It wasn’t even mid-morning and Carolyn Parker was already sweating from simply loading gear into a boat. The forecast said worse was on the way by afternoon.
Thankfully, the water coming off 50-degree Lake Taneycomo made it feel like stepping into air conditioning as she climbed aboard her boat last week. Still, she knew the weather would win.
“When it’s this hot, we try to get people to only fish a half day,” Parker said. “There’s just too much water in the afternoons, and it’s too hot.”
But sometimes a half-day fishing with the diminutive 75-year-old is still good angling.
Ten minutes after her first cast, Parker caught the first trout of the day on her fly rod. Not much later the second fish, a 19-inch rainbow that was softball fat from back to belly, took nearly five minutes from hook set to net. For most of the morning, the fishing stayed as hot as the weather.
Parker repeatedly called Taneycomo a river, because it’s always in motion. It certainly was a river the first time she came to Branson.
From wild river to hydro-electric dam
Trying to get from Kansas City to New Orleans in the early 1950s, Parker’s family made some wrong turns and ended up in the right place. The plan was to spend one night in then-tiny Branson and continue on. Then her dad, a Filipino immigrant, saw the White River nearby.
“He always thought of fishing,” said Parker. “He bought some fishing outfits. We never made it to New Orleans that trip. We fell in love with the area.”
That love has never left Parker, even thought the area has changed dramatically.
A few years after her first visit, the White River one of the wildest in America, was choked into submission by Table Rock Dam. About 43,000 acres of warm water sits on one side of the dam. On the other, water about 50 degrees flows from the Table Rock Lake’s depths to create the moving lake of about 2,000 acres. It’s perfect habitat for trout.
As well as preventing floods, the dam holds four hydro-electric generators. The more demand for electricity the more water is released to turn the turbines. That sometimes means peak water levels are at the peak of summer heat, and that can be too much water for fishing.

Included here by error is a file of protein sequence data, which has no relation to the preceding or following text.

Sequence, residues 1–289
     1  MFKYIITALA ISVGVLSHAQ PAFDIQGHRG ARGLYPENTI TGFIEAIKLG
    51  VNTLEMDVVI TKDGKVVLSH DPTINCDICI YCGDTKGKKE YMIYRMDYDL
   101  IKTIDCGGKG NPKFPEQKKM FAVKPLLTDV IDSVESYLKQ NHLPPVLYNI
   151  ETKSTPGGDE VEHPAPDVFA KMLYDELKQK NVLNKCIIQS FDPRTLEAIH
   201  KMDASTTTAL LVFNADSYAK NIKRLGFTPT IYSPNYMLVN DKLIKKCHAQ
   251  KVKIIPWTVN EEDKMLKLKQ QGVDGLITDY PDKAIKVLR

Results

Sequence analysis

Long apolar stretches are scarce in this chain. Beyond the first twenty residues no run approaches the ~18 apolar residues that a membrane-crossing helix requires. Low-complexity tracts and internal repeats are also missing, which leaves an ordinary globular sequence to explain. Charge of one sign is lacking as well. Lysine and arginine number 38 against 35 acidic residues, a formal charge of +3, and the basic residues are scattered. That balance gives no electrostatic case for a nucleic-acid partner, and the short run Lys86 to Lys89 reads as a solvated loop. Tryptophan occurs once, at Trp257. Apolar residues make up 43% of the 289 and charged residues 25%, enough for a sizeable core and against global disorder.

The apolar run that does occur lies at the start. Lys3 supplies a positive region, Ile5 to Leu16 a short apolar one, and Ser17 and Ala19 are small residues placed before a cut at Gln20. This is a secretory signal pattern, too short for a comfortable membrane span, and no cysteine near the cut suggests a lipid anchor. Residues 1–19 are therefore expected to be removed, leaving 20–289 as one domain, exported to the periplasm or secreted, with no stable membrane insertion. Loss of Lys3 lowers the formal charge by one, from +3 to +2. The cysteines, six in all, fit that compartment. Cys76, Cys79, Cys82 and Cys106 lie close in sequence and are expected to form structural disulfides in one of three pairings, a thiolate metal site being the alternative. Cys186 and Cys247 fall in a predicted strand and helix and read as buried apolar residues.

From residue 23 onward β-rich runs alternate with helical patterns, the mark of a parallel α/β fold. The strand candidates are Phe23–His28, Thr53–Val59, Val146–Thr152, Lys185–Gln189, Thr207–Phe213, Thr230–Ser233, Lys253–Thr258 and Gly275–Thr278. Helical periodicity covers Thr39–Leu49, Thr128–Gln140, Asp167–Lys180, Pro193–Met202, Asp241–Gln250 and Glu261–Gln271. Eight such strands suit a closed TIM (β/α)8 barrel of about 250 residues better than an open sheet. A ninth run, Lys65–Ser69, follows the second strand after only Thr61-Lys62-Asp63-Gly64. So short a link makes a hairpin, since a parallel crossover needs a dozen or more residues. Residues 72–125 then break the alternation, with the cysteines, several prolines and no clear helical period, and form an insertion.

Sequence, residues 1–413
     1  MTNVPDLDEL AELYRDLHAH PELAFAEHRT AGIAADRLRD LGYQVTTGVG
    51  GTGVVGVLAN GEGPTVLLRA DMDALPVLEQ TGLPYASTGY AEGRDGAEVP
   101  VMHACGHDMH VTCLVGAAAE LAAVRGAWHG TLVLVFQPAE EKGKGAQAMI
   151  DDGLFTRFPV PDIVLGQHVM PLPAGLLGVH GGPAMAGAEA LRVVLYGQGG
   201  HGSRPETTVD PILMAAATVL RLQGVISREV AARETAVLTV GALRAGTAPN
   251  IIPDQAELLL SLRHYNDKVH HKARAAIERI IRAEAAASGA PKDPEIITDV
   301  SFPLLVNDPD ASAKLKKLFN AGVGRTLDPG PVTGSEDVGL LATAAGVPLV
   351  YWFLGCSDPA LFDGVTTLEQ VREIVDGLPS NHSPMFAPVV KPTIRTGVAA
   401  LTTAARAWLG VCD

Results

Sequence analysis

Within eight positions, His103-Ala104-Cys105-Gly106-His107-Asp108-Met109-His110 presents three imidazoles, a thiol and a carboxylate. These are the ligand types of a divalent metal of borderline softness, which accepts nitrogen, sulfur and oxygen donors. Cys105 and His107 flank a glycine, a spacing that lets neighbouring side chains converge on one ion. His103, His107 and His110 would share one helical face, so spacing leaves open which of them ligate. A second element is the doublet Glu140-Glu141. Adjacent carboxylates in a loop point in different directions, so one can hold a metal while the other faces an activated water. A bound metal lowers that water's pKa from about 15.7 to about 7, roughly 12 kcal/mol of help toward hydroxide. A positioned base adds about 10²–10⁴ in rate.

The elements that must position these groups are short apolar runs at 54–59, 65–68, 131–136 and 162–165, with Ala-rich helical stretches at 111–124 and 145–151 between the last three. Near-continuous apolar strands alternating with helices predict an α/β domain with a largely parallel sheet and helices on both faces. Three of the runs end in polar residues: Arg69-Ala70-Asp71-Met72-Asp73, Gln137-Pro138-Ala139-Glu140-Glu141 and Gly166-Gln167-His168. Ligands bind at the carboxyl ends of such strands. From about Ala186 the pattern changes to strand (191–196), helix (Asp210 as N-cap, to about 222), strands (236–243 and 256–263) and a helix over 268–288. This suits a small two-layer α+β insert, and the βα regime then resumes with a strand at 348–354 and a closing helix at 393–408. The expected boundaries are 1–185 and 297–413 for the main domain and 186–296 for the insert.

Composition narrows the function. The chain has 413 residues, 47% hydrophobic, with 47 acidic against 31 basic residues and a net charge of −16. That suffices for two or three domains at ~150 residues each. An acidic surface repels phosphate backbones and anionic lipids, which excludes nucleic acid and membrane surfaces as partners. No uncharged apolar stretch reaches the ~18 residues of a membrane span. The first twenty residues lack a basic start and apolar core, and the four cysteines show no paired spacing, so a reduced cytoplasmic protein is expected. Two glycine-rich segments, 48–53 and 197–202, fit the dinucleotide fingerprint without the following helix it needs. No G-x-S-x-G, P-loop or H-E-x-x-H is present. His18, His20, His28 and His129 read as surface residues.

At the launch, Parker judged her river a modest single generator and pulled hard on oars to go upstream. Her hope of catching trout on streamers, which imitate small fish or crawdads, was dashed with her one fish of about 12 inches. Experience told her it was time to change.
It’s been about 20 years since Parker and her husband, Stan, busted out of retirement in the Kansas City area and moved to near Taneycomo. They soon opened River Run Outfitters, a fly-fishing shop and guiding operation. All has gone well.
In 2006, fly-fishing heavyweight Orvis named River Run their outfitter of the year. Earlier this year Carolyn Parker, one of Taneycomo’s top guides, was awarded a lifetime achievement award by Orvis. It’s only the second such award given by the company and the first to a woman.
Tiny flies, big trout
Parker guessed, correctly, the trout were feeding on nymphs, itty-bitty, aquatic insects. She picked a pair of red nymph imitations small enough that four could fit on one dime. A small foam float was attached to the line to help detect often light-striking fish.
But that day’s trout missed the light-striking memo and hit the tiny flies as hard and fast as thieves in the daylight. The fish were as solid and bright as they were aggressive.
“Most fish this year have been this strong and solid, and just beautiful,” she said as she unhooked a scarlet-sided trout of about 18 inches. “The last two years were pretty rough because of really high (flood) waters. We’re back to looking good.”
The action was good in the first two hours drifting the river, Parker used oars to keep the boat even with the drifting flies. At about 11 a.m., about the time air conditioners were kicking in all over the Midwest, more generators were needed. A long and loud horn warned anglers more water was on its way.
Within about 20 minutes the higher water came, and with it leaves and litter that would make keeping a clean fishing line difficult. Parker anchored the boat in a small eddy, talked trout fishing and snacked on crackers and cheese. When the initial push of leaves and litter was past she pulled anchor and drifted again.
“We need that 17-incher to complete the run,” she said, referencing her guest’s string of 16, 18 and 19-inch trout. Maybe 100 yards down the shoreline, the strike indicator headed for mid-stream. The trout used the current to its advantage so Parker and the boat followed. The trout eventually measured 171/2 inches before it, like all the others, was released.
A few more smaller trout came. Probably a dozen fish had been caught and released that morning, plus the four larger fish.
By noon the heat was oppressive, even when sitting above the cold water. Parker rowed to a ramp where an employee had moved her SUV and trailer.
Opening the doors of her car was like opening the door of an oven. Still, she smiled as she climbed in.
“We caught some really nice fish and they were so aggressive,” she said. “That was a good day on the river.”
Technically it was just a half day. It certainly was good.